Writing in Series

As I’m finishing up Book 3 in my series, I’m noting how increasingly hard it is to keep track of things. Things it never occurred to me that I would forget. . . yup, I forgot.

Here are some things I’ve used to keep this very complicated series manageable. All documents are works in progress.

1) Style sheet. Impossible to create after the fact, but as I started out, I wrote down, in categories, things like: characters (ages), technology terms, politics, place names, geography, flora, fauna, clothes, food, terms of the culture (many of these), sayings, oaths, homilies, literature titles. The style sheet not only reminds me what things are called but specifies case and spelling.

2) Series notes. 3-ring binder with notes on many of the things mentioned in the style sheet; as well: notes on characters, their physical aspects, diction, and attitudes; history, overall science concepts and notes; characteristics of sentient species; calendar and counting system, and particular to The Entire and The Rose, time passage chart. Tucked into sleeves: notes from scientists–or way smart people–who I leaned on for an hour’s phone conversation.

3. Synopsis. This is the document on the basis of which I sold the series. Increasingly irrelevant. Being a tad compulsive, I’ve made stabs at margins notes trying to describe how things went differently. But sometimes, when I had the question, “Where the hell am I?” the synopsis actually helped.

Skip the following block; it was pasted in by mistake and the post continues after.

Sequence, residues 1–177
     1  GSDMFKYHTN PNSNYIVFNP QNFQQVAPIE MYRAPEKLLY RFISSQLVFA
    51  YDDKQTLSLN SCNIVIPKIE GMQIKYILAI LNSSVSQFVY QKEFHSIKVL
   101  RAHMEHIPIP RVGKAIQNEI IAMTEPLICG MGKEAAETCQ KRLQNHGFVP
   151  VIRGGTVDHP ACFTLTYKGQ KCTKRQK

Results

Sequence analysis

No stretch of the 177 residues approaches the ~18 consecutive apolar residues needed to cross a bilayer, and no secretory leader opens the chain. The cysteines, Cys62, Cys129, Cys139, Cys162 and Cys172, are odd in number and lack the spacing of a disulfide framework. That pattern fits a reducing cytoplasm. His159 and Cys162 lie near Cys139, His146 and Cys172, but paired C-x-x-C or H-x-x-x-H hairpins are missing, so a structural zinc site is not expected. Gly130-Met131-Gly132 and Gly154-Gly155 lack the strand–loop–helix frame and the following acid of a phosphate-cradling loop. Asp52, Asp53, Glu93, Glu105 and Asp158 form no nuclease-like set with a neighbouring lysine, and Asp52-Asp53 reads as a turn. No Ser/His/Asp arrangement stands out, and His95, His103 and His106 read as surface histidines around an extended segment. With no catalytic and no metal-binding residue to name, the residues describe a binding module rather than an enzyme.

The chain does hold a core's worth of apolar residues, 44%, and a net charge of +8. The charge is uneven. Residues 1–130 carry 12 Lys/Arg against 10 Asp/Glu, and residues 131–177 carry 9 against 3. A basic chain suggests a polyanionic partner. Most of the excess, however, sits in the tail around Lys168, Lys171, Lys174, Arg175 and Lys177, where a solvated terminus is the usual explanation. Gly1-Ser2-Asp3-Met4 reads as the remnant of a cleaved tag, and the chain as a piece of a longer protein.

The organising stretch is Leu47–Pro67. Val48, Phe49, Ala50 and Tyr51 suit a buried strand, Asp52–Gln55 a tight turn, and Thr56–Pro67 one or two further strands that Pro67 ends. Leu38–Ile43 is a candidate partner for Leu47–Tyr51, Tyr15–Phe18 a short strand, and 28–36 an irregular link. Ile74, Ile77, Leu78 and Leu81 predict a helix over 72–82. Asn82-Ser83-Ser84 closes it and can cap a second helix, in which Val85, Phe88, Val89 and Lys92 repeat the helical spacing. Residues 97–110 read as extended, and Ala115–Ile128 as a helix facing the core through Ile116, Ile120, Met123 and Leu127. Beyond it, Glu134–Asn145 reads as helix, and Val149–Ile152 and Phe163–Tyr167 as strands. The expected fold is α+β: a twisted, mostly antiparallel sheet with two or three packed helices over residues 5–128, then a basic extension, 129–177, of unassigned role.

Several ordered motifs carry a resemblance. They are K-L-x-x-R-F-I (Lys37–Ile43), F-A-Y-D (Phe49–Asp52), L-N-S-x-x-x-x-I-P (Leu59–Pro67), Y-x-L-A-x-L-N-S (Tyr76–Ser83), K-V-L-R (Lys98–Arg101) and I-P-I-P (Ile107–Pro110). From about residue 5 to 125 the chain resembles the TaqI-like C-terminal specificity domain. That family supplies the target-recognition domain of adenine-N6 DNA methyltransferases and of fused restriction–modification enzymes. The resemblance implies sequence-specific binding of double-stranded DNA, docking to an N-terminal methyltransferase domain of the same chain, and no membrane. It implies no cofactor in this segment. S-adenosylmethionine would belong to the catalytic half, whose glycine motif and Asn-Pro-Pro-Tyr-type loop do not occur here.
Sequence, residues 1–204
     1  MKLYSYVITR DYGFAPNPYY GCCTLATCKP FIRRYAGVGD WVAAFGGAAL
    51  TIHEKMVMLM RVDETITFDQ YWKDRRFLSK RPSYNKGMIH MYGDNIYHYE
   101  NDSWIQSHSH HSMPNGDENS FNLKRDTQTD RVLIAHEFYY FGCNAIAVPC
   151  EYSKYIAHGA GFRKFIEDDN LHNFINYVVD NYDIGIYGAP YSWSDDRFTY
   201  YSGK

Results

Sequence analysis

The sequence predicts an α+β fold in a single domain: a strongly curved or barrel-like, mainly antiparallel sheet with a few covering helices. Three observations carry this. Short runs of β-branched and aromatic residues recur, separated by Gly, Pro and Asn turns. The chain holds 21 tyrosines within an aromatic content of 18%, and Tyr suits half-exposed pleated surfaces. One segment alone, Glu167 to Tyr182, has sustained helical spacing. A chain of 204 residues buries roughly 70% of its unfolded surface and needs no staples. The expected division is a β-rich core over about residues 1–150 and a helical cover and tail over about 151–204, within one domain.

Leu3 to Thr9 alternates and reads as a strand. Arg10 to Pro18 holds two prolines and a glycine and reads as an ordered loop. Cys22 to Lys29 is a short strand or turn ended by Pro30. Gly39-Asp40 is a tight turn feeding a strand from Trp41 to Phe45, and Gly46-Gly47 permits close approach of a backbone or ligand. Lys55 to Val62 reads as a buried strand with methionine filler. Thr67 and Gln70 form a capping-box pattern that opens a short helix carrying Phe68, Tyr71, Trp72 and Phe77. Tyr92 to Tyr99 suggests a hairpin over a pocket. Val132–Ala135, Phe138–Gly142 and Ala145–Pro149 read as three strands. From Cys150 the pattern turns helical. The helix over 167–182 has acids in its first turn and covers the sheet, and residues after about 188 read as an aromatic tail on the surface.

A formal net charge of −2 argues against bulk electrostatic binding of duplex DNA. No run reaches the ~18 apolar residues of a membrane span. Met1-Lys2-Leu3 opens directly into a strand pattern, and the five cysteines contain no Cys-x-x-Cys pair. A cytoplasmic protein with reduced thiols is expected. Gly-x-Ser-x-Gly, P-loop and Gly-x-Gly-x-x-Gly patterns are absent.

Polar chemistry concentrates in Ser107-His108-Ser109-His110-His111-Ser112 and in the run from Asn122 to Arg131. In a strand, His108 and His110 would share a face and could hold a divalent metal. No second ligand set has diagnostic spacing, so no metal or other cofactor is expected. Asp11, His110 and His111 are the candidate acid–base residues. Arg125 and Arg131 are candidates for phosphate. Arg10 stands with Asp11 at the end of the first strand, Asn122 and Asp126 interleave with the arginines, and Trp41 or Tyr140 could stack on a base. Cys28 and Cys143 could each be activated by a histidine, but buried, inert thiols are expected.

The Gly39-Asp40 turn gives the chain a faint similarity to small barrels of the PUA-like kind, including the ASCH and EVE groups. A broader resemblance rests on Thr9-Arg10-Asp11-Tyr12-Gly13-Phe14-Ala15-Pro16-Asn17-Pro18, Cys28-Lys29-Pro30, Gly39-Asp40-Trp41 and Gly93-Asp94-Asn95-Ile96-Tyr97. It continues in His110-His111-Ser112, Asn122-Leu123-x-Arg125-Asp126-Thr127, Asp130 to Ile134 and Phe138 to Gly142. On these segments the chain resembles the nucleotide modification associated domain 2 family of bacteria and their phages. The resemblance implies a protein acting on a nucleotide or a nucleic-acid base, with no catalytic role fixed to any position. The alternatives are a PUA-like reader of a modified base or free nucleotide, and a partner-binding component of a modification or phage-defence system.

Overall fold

4. Maps. I’ve drawn maps of the universe and, when you read book three, you’ll know why a map was needed! Also, a map of the Ascendancy; a map of the Arm of Heaven Primacy.

5. Name resource list. I’ve researched Chinese names and gotten quite picky about which ones to use and how to modify them. I also keep a list of other sentient species names, if I wake up in the middle of the night with the perfect name for, say, a Hirrin preconsul.

6. Other things: Excerpt list by literature category (I have extracts from the local literature heading up every chapter.) Scene list. (The most important document I keep, this is a brief summary of each scene as I write it.)

Anybody find other things helpful?

4 Responses

  1. gooddamon says:

    For one of the novels I’m working on, I did a character “interview” after fleshing out the basics of the character. Basically, I asked her a bunch of questions about herself. Very useful, both for maintaining the character’s tone and giving her a robust back-story.

  2. criada says:

    I also like to keep a file for each character’s story arc– where they’re going both plot-wise and character-wise.

    I use Mori (and my PC-using friends use Wikidpad) for keeping track of my enormous world. It’s basically your own personal wiki, and makes it easy to jot down a bit of inspiration in an organized manner.

  3. Kay says:

    Character interviews

    I’ve heard of people that do that. I just can’t get my head around the scenario where a made up person is answering the author’s questions. I can’t believe my imagination doesn’t stretch that far!

  4. Kay says:


    That’s program that people are starting to rave about. Must investigate. Thanks!

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